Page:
Matthew Bannister has made numerous records under different names, with different people - first Sneaky Feelings in Dunedin in the 80s, then the Dribbling Darts of Love in Auckland in the 90s, a solo release as One Man Bannister - Moth (2007) - and another band effort -The Weather’s Aroha Ave (2008). And now the Changing Same.
Why so many names? Why not just use your own? “I’ve never felt comfortable being a solo artist. Music to me is something you do with other people. That’s what makes it fun. When I get new people, it’s a new project. Of course it’s a bit of a disaster from a publicity/career point of view.”
Since 2008 Matthew has been living in Hamilton, where he works at Wintec, who also support his music activities. “I make a CD, and it counts as research!” The album was mostly recorded at the studios in the Music Dept there. “But I have the same software at home, so I could take away live backing tracks and overdub in my own time. You get live feel, but also lots of time to fiddle with additional parts - the best of both worlds.”
The other band members are Nick Johnston (keyboards) and Stan Jagger (drums). So live they’re instrumentally a three-piece, like the Doors. Nick plays bass with his left hand. “He’s a very good player. At first I thought it was a compromise, having no bass player, but after a while I realised it was a point of difference.” Nick also plays with Hamilton band Sora Shima. Stan Jagger is a bit of a musical polymath, playing guitar or drums in Disco Volante, Conway and Der Kranks. “Hamilton has a great indie music scene,” says Matthew. “It’s small and friendly, and everyone helps each other. It’s easy to play, as long as you don’t expect overnight fame.”
In the last year the band has slowly built up its live skills, playing at the Circle Jerk (an annual event where Hamilton bands cover other Hamilton bands, organised by the local radio station, Contact FM, which is another important supporter of the local scene. Also gigs in Raglan, at Static, Hamilton’s newest and best indie music venue, and a couple of forays to Auckland at the Wine Cellar and the Dog’s Bollix (supporting Superturtle). The CD was recorded fairly slowly, over most of 2010, with Jason Long engineering and producing, and musical assistance from Tony Sisam (bass).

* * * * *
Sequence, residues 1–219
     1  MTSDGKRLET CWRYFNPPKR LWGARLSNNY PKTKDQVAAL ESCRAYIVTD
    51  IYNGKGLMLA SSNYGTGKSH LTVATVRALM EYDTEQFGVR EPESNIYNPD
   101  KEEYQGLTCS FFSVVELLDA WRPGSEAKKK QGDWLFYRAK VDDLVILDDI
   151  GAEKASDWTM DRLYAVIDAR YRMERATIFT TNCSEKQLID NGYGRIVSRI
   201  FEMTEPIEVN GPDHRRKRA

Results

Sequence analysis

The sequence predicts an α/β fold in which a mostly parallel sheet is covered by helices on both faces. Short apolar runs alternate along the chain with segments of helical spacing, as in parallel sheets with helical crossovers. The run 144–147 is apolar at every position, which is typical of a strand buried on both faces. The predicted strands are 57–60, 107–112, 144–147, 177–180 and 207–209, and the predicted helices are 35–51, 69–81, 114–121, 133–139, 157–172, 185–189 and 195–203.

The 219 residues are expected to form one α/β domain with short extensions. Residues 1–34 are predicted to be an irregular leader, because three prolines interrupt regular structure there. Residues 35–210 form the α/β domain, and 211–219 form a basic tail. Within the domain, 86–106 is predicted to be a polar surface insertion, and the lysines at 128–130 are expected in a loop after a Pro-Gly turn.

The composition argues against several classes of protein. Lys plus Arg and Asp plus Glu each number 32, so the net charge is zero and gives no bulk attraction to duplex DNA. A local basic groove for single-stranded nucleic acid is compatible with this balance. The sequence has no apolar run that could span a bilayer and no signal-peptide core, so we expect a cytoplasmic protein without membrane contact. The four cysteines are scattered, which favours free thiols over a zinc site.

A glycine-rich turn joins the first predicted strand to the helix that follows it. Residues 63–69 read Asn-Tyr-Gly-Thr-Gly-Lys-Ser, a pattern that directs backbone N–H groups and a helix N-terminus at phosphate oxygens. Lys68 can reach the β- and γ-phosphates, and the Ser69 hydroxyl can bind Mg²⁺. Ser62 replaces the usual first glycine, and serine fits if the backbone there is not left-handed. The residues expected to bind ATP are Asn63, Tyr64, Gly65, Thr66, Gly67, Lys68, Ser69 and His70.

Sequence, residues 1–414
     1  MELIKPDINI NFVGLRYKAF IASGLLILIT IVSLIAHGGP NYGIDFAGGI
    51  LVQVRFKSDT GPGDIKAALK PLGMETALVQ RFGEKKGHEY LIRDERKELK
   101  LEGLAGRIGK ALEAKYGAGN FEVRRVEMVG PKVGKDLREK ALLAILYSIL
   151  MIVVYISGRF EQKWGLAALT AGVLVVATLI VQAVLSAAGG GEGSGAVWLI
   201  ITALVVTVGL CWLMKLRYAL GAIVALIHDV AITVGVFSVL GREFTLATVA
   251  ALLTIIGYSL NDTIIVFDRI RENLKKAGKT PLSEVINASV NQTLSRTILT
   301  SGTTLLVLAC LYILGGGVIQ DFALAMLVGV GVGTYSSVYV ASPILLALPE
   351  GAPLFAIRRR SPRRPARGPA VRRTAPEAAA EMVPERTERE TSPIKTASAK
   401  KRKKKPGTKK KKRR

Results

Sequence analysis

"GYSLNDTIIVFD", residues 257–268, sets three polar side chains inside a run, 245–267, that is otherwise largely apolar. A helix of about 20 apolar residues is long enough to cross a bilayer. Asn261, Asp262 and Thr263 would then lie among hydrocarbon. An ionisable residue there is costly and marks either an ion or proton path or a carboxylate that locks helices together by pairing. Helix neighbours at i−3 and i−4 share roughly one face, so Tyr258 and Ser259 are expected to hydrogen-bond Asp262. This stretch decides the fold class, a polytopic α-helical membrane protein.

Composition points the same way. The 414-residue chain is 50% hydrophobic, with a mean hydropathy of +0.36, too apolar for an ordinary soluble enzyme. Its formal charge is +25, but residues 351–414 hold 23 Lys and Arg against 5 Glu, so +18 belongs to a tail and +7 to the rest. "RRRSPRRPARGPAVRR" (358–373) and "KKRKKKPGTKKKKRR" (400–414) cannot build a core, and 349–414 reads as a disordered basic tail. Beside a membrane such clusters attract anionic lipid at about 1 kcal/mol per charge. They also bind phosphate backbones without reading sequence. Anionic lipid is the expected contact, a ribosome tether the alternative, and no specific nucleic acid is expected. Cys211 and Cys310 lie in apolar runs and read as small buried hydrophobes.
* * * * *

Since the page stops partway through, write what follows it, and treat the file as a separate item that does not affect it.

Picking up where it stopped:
Like most of Bannister’s work, it’s mainly melodic guitar-based pop/rock, with mildly witty lyrics, eg “Repeat after Me” “a song about psychotherapy” or “Hillcrest”, the latest in Bannister’s “suburb” songs (see “Sandringham” and the title track on 2008’s Aroha Ave). There are also slower, sparser, more reflective numbers, such as “Conspiracy Theory”, “written from the point of view of someone who thinks they’re true,” and “In the Beginning”, “a philosophical song about the Romantic ideal of a Golden Age”. “But living in the Waikato made me think I needed to simplify my style and rock out a bit more,” says Matthew. Hence “Telling Me Something” and “Left Behind” - songs based on riffs. Indeed this emphasis on repetition partly explains the name of the band - “the idea that repetition is a form of change”. But this doesn’t mean that they sound like Kraftwerk. “It’s more that I’ve found the style of music I like to do, and while I might mess around with the parameters a bit, there’s always going to be continuity.”
The Changing Same’s CD is available through Powertool Records, and can be downloaded at the bandcamp site. They’re also on Facebook.
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steamy rain, tumbleweeds and lost poems about dirty chimneys are what influence this band. It spits out indie pop classic jams that get us compared to everything from Minutemen, Pixies, Broken Social Scene, WAR and Grand Funk. Deal with it! We can't get away from it....more